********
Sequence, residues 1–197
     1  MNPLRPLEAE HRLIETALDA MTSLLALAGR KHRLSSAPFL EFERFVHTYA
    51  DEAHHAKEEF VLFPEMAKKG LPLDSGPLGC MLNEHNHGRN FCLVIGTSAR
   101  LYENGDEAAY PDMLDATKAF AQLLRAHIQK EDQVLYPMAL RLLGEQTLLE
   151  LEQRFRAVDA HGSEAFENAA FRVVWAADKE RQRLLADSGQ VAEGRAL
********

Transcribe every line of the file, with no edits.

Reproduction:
Sequence, residues 1–197
     1  MNPLRPLEAE HRLIETALDA MTSLLALAGR KHRLSSAPFL EFERFVHTYA
    51  DEAHHAKEEF VLFPEMAKKG LPLDSGPLGC MLNEHNHGRN FCLVIGTSAR
   101  LYENGDEAAY PDMLDATKAF AQLLRAHIQK EDQVLYPMAL RLLGEQTLLE
   151  LEQRFRAVDA HGSEAFENAA FRVVWAADKE RQRLLADSGQ VAEGRAL